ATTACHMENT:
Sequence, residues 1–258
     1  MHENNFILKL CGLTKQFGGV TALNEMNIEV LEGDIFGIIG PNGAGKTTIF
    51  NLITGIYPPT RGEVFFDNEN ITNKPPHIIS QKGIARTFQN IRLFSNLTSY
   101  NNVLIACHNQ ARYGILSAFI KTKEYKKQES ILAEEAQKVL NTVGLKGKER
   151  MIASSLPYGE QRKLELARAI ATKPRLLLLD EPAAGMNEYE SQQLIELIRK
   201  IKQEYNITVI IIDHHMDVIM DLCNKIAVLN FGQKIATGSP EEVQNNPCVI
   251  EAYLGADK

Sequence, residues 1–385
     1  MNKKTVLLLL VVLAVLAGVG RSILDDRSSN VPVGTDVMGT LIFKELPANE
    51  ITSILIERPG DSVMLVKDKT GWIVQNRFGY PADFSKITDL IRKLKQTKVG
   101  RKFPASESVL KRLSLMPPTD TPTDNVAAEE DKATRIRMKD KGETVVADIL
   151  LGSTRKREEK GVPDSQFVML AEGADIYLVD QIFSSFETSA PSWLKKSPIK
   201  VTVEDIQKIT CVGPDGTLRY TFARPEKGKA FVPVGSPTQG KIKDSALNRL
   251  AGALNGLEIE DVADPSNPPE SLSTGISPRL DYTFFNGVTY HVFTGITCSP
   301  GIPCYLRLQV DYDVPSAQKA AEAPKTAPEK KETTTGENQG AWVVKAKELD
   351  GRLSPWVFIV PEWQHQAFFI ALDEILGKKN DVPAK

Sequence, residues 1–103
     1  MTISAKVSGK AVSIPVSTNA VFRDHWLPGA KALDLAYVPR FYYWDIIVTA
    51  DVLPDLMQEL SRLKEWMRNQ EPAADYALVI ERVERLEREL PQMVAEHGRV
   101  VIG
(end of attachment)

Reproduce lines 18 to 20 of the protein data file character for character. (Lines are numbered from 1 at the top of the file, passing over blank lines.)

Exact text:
     1  MTISAKVSGK AVSIPVSTNA VFRDHWLPGA KALDLAYVPR FYYWDIIVTA
    51  DVLPDLMQEL SRLKEWMRNQ EPAADYALVI ERVERLEREL PQMVAEHGRV
   101  VIG